Most books do not provide each class with the ability to find out whether two objects of the class have the same value.

public boolean equals(Date pDate)
   return iYear==pDate.iYear &&
          iMonth==pDate.iMonth && iDay==pDate.iDay;
If a client attempts to use objects of this class with objects of the Collections API (or Hashtable or Vector), they are in for a shock. None of the following methods will work with that declaration of equals:
Hashtable contains, containsKey, get, put, remove
Vector contains, indexOf
List contains, remove, indexOf
Map containsKey, containsValue, get, put, remove
Set add, contains, remove

Instead, you need to teach that for the equals method to be useful it needs to have a parameter of type Object. For example, if we are providing an interface called Date and a class called DateImpl, we could declare the following:

public boolean equals(final Object pObject)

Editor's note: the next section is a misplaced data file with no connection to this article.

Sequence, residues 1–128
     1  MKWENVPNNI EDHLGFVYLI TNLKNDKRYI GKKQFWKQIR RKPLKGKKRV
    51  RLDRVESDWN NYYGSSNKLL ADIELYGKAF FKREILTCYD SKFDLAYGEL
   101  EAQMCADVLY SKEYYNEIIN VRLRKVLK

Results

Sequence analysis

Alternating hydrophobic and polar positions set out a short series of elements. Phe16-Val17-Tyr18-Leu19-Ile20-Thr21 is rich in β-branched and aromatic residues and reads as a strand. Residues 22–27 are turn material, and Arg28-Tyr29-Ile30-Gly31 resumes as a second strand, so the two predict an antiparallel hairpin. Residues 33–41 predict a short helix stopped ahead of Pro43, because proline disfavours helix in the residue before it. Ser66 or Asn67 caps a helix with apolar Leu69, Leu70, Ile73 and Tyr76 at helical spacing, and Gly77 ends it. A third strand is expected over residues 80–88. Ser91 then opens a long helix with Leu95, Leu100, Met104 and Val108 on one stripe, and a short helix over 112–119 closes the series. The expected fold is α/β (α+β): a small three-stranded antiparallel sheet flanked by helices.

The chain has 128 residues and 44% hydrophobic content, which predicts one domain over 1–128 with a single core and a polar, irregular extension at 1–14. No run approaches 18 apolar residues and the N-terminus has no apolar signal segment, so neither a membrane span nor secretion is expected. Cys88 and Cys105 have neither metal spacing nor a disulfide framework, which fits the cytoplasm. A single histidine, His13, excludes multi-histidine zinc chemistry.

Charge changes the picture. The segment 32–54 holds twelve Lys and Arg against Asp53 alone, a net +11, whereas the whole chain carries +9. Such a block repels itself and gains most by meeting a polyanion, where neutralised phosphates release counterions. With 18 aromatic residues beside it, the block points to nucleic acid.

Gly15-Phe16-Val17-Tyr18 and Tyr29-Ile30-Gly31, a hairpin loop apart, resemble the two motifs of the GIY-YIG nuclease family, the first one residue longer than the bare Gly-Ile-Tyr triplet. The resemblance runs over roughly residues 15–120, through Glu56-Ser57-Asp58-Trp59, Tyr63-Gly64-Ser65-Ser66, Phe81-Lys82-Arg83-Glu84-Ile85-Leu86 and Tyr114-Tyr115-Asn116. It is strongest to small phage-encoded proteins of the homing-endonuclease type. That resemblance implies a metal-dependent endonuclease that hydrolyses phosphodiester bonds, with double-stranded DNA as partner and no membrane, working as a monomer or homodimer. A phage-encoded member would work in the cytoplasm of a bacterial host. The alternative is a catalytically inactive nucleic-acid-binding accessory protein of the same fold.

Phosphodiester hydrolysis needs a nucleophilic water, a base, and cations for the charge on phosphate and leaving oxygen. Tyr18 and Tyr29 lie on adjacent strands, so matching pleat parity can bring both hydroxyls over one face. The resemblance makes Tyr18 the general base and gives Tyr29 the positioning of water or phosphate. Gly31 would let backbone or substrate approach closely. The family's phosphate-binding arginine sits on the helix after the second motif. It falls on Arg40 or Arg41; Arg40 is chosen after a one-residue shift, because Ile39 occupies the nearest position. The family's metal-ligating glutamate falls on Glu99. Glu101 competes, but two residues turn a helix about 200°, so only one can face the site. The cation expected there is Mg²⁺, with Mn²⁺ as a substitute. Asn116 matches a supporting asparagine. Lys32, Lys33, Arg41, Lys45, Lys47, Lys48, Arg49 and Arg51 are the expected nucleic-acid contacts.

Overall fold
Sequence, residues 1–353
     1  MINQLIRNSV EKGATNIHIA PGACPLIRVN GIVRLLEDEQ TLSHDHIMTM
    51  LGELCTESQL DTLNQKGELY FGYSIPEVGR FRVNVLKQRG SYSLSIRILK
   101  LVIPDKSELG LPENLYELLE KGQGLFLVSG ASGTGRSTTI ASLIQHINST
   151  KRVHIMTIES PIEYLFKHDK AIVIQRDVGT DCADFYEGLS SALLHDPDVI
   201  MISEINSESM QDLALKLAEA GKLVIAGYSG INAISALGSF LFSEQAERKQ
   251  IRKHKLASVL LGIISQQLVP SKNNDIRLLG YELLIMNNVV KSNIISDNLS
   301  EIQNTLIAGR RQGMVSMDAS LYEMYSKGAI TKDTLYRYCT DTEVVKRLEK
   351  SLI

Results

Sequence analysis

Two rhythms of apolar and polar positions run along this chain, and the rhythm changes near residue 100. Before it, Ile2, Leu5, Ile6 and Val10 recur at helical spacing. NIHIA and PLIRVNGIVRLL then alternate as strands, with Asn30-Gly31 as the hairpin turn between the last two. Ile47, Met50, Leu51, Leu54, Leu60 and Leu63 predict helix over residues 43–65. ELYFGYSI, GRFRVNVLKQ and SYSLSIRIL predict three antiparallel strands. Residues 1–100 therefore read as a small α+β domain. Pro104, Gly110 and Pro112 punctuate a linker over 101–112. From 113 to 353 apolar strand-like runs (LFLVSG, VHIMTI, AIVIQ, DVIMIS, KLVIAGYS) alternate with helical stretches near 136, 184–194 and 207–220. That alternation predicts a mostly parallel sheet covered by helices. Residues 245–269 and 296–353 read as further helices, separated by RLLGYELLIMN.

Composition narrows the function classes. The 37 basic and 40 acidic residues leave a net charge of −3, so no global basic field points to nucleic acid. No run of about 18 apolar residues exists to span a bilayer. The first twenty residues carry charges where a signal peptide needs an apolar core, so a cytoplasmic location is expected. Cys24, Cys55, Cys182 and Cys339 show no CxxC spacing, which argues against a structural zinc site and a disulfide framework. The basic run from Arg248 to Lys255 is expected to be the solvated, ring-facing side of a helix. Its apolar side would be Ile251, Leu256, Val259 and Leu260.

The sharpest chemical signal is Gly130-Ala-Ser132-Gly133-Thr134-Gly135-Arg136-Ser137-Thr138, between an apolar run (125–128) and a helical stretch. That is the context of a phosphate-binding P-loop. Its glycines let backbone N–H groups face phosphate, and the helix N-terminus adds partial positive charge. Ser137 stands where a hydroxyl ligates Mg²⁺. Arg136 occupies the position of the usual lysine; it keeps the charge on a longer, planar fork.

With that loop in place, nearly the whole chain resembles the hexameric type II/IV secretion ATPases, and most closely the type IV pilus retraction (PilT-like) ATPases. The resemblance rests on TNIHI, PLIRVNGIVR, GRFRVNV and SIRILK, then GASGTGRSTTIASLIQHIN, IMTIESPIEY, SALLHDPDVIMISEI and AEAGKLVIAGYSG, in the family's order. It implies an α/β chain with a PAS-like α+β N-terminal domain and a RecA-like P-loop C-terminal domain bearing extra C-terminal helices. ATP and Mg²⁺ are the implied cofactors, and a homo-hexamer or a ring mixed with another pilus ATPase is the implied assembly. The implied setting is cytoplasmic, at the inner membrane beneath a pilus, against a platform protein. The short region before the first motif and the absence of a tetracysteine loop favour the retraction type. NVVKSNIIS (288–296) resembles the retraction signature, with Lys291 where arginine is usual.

if ( ! (pObject instanceof DateImpl) )
      return false;
   return iYear==((DateImpl)pObject).iYear &&
          iMonth==((DateImpl)pObject).iMonth &&

If you declare equals properly, you need also to declare hashCode. There are warnings about this in the documentation of some of these classes. For example, the WWW pages that document java.util.Hashtable states that ‘to successfully store and retrieve objects from a hashtable, the objects used as keys must implement the hashCode method and the equals method.’

public int hashCode()
   return iYear*416 + iMonth*32 + iDay;

The informal analysis of when specific aspects of Java are taught by various books gave the following results:

  Arnow  Bishop    Deitel  Garside  Horstmann  Koffman   Lewis   Smith Cornelius
Does the book suggest that equals always be declared?
   lost      no        no       no     339:60       no    lost    lost    219:47
Does the book teach the proper declaration of equals?